The first workshop of the project on Prediction in the Earth Sciences: Use and Misuse in Policy Making was held July 10-12 at the National Center for Atmospheric Research in Boulder, Colorado. The purpose of the workshop was to present, discuss, and synthesize findings from nine case studies from the earth sciences on the role of prediction in the policy process. The overarching goal of the project is to improve policy and decision making by improving the way predictions are used in policy processes. We plan to do this by developing guidelines for the beneficial use of scientific prediction in the policy process, especially in the area of environmental policy problems. We seek to develop a set of criteria and an analytical framework to help policy makers assess the actual and potential use and value of scientific prediction for different policy problems. The criteria and framework are intended as tools to allow policy makers to be better consumers of predictions, and to provide feedback from policy makers to researchers.
The workshop was organized to bring together people who have expertise in both the scientific and policy aspects of relevant case histories, plus several discussants with general insight into the issue. The goal of the meeting was aptly reinforced by one participant who noted the contrast between the depth to which policy makers rely on predictions versus the lack of depth in society's understanding of the consequences of that reliance.
Each case history presenter was asked to prepare a draft paper addressing the following questions for their particular case. The questions were introduced as a means to focus initial discussions and to guide preparation of the case histories, with the expectation that through discussion of the cases, the initial questions would likely be revised or replaced in order to guide future work.
The draft case histories were completed before the workshop and circulated in advance to all workshop participants. The workshop itself focused on presentation and discussion of each case.
The group worked together to identify important policy issues and questions common to the
cases. A common frame of reference across the cases is a first step in the development of
practical guidance on the use and miseuse of prediction.
- What societal problem was the predictive research intended to address? What were the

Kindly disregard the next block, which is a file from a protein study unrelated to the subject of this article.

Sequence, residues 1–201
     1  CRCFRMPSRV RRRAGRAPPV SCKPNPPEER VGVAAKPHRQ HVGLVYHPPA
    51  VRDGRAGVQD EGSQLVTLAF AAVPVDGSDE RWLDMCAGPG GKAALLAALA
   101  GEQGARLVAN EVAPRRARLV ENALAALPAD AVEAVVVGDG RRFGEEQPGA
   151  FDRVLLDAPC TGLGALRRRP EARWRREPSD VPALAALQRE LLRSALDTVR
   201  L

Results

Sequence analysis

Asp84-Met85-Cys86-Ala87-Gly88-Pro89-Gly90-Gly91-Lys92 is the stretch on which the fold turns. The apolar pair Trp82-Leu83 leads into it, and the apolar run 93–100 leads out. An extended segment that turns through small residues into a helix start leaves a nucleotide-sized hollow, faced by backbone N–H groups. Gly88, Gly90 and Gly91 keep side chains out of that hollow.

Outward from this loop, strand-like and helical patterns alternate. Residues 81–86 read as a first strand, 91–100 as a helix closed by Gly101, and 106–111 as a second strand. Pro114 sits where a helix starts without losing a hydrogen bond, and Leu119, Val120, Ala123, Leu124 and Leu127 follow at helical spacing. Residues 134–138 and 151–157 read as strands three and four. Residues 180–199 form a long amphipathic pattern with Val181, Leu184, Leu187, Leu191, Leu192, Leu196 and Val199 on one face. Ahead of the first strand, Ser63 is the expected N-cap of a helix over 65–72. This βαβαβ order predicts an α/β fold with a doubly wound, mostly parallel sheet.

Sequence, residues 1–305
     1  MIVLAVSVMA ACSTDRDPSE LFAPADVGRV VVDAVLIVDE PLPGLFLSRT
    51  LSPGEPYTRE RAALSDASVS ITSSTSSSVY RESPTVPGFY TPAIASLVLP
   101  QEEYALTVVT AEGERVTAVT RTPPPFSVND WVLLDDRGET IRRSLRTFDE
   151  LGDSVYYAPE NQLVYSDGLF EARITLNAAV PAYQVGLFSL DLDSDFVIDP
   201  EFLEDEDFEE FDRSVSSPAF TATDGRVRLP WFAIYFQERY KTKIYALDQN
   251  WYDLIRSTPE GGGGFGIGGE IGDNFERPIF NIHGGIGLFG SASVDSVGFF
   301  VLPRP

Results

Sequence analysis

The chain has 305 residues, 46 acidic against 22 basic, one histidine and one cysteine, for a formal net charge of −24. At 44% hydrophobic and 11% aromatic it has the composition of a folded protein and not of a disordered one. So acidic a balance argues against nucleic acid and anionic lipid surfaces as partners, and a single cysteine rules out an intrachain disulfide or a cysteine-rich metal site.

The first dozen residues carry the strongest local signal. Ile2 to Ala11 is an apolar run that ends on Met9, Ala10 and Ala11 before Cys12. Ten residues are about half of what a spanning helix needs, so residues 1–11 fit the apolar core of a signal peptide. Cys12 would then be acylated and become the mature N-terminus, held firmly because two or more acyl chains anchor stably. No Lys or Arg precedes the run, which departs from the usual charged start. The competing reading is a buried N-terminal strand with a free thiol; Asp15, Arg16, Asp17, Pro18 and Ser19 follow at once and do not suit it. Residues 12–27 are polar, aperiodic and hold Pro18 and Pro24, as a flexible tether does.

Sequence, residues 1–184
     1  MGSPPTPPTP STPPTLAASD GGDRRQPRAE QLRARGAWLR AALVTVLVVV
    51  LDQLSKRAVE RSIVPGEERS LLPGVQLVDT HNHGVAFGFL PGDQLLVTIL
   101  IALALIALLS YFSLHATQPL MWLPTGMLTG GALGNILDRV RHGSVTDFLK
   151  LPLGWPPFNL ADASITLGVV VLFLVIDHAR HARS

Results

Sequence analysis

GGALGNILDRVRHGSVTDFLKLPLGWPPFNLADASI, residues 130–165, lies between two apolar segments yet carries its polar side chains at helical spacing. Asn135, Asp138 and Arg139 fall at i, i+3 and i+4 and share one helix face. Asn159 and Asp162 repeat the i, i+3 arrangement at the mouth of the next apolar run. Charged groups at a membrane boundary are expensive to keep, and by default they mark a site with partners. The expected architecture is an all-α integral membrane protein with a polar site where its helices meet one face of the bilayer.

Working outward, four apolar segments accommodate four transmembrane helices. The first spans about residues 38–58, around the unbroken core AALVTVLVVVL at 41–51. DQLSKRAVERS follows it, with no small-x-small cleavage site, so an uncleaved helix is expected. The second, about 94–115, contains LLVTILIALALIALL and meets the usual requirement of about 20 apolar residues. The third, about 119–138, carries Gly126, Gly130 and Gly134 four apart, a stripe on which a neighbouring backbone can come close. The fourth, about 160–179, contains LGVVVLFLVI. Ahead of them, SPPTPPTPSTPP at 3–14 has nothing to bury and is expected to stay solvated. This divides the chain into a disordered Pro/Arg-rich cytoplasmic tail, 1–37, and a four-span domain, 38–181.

original scientific justifications for the research? What were the original policy
- How were these justifications incorporated into the research program as goals?
- How was (is) the research program linked to the information needs of policy makers,
during both program planning and program implementation? Was the research program
modified at any time during its conduct in response to evolving scientific and policy
- How successful was (is) the research in meeting scientific goals? How successful was
(is) it in meeting policy goals? Upon what criteria is this evaluation based? How can this degree of success or failure best be explained?
- What alternatives to prediction and/or predictive modeling are available for providing guidance in meeting the needs of policy makers and other potential users of predictive information?
This report contains summaries of the case histories presented at the workshop as well as the common principles distilled from the cases by the workshop participants. The case studies themselves will be revised and presented in a second workshop, tentatively scheduled for mid- to late 1998.
We especially thank D. Jan Stewart, rapporteur, and Miles Mercer, student assistant, whose efforts contributed in significant ways to the workshop's successful organization and outcome. We also thank Baat Enosh for expert work related to publishing this report on the World Wide Web. The workshop was sponsored by the Geological Society of America and the
Environmental and Societal Impacts Group at the National Center for Atmospheric Research.